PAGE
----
Pretty Lady

Pretty Lady
Location
Brooklyn, New York, USA
Birthday
September 06
Bio
Pretty Lady is an artist, bodyworker and health educator. She believes in the healing powers of art, meditation, good food and good company.

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JULY 12, 2010 11:22PM

The Long Silence

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I almost need to steal the title from Franklin's latest post: Patience With Everything Unresolved.  In fact, I almost need to steal Franklin's template.  Being is becoming, and blogs are becoming something else.

It's not that I haven't had anything to say.  I've shamelessly blogged my way through several major life transitions; maybe it's in the nature of the current one to be different.  In any case, I'm not making any promises. 

Briefly, the news is this: I've decided to become a physical therapist.  It's a doctoral degree that will take me five or six years to complete, including prerequisites.  Although I've got two bachelor's degrees already, they're--surprise!--virtually useless.  I recently sent for my transcript, and its dominant theme is 'Course Of Study Undertaken By An Adolescent Mind.'  People under twenty-five should not be allowed to go to college, I swear.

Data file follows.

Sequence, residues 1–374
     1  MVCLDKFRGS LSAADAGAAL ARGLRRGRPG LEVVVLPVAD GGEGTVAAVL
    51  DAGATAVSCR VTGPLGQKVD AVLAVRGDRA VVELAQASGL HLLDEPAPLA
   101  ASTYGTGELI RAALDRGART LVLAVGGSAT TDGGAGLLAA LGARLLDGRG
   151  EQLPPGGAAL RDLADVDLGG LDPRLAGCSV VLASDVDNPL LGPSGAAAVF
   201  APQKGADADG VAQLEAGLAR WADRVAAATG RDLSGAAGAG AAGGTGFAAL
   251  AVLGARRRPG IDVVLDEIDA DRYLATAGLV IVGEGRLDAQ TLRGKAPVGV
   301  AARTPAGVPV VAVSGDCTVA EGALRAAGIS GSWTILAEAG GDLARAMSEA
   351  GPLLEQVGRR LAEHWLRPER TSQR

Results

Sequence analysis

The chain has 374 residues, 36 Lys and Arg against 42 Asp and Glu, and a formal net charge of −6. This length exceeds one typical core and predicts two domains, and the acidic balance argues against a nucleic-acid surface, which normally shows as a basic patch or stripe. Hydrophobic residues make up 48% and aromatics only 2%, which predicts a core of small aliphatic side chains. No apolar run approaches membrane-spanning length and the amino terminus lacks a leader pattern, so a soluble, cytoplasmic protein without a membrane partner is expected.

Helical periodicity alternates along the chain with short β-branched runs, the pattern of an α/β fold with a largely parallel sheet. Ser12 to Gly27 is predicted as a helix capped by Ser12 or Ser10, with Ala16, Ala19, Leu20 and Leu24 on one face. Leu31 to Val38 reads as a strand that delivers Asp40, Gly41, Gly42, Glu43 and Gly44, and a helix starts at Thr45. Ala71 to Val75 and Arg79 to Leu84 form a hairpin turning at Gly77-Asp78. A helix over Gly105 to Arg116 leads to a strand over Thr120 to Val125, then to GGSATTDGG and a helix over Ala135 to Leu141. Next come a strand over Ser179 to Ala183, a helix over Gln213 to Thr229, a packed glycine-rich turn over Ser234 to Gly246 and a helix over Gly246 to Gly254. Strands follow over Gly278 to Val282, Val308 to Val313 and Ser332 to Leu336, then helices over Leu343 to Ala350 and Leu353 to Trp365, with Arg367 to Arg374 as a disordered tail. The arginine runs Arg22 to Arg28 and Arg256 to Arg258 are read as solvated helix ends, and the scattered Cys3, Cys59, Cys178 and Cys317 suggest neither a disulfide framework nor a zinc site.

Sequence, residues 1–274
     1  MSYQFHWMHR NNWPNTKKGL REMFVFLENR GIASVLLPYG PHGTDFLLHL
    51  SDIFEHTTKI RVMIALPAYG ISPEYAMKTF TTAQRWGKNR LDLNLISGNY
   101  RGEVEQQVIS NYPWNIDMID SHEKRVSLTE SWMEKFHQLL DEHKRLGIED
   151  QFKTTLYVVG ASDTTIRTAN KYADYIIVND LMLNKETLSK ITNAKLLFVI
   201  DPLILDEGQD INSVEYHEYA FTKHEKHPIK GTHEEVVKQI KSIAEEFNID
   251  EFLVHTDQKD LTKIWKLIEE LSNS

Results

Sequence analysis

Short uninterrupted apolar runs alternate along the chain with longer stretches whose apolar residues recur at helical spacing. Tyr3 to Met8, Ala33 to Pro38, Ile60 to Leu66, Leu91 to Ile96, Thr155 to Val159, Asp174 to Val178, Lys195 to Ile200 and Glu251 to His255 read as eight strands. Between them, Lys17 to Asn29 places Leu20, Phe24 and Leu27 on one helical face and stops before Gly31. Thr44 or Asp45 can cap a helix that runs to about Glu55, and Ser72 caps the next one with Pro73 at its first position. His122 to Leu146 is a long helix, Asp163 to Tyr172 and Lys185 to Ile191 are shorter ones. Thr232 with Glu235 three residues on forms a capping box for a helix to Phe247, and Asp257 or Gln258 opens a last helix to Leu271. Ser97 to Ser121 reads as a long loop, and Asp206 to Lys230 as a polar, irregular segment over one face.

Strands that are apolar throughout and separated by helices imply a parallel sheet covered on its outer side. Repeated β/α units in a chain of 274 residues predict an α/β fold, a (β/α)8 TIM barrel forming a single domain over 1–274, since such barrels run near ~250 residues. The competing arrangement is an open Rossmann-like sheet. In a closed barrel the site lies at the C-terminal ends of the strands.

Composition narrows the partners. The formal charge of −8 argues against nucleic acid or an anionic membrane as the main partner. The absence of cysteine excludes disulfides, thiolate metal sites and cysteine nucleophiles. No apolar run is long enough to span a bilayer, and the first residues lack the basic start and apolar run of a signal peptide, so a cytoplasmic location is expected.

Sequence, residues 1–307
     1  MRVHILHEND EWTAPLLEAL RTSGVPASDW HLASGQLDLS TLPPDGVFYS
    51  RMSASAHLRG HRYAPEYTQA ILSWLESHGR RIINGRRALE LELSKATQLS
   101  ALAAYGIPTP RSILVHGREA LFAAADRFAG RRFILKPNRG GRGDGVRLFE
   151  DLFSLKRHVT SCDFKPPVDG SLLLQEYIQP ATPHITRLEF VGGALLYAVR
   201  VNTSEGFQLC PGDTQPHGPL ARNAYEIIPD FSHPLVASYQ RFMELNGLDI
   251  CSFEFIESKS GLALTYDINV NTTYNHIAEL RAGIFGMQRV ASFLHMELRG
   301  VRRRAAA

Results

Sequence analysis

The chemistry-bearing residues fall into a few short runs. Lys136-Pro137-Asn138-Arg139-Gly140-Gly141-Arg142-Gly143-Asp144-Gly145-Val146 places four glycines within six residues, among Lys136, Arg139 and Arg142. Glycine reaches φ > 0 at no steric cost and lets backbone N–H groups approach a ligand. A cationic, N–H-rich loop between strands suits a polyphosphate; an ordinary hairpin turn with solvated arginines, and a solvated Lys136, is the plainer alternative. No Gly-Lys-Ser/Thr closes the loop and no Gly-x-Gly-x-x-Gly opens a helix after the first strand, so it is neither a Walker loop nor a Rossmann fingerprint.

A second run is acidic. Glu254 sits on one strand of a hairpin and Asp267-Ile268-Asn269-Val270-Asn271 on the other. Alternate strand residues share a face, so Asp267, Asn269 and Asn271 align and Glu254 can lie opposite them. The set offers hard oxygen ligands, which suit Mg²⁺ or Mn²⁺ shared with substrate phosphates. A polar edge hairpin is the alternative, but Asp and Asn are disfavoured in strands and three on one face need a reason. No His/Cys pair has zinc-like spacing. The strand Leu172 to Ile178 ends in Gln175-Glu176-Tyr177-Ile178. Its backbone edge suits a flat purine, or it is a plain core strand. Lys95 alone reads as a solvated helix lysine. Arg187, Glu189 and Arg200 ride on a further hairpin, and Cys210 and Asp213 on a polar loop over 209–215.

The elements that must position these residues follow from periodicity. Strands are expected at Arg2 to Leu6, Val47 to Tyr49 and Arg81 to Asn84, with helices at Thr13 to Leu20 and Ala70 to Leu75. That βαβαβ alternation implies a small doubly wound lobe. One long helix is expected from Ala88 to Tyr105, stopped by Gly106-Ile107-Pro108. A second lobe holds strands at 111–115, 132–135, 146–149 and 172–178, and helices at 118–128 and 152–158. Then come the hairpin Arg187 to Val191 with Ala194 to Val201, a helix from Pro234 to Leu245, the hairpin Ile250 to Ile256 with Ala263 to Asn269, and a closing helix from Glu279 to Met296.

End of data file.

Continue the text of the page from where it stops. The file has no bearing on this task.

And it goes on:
What this means is that I will be broke and working my ass off for the foreseeable future, which will not be a big change.  What will be a big change is that when I'm done, I will be employable at a solid middle-class salary for the first time in my life. 

This could not have happened if I hadn't become thoroughly and irremediably disgusted with the state of the art world.  It should come as no surprise to anyone that I am an idealist--stubborn, possibly naive, certainly foolish.  Art represented part of an ideal to me, and I invested a big chunk of my soul in it, along with considerably more money than my actual income. 

And 'art,' as practiced by the self-styled elite of the global art scene, is a giant confidence game.  I used to think I could either change it or create a niche for myself within it; now I think that my values are incompatible with its founding principles.  Continuing to sacrifice my time, money and attention to this cynical game doesn't make me a dedicated artist, it just makes me a chump.

I've long been aware that I have three vocations--artist, writer, and healer.  For the last couple of decades, I've been weighting the 'artist' as the primary part of my identity.  Letting go of that is a wrench to my ego, but necessary to my soul.  I will have a studio again, I will paint again, but maybe not for a good long time.  Now is the time for exercising my lazy but adequate left brain, and taking the adventure that comes.  

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